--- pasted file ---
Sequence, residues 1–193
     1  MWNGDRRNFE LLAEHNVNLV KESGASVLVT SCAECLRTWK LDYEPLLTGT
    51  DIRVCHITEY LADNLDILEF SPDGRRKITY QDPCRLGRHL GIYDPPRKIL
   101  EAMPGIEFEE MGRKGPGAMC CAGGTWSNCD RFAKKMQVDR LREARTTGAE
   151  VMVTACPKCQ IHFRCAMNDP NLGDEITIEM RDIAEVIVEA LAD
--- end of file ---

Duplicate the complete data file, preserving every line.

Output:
Sequence, residues 1–193
     1  MWNGDRRNFE LLAEHNVNLV KESGASVLVT SCAECLRTWK LDYEPLLTGT
    51  DIRVCHITEY LADNLDILEF SPDGRRKITY QDPCRLGRHL GIYDPPRKIL
   101  EAMPGIEFEE MGRKGPGAMC CAGGTWSNCD RFAKKMQVDR LREARTTGAE
   151  VMVTACPKCQ IHFRCAMNDP NLGDEITIEM RDIAEVIVEA LAD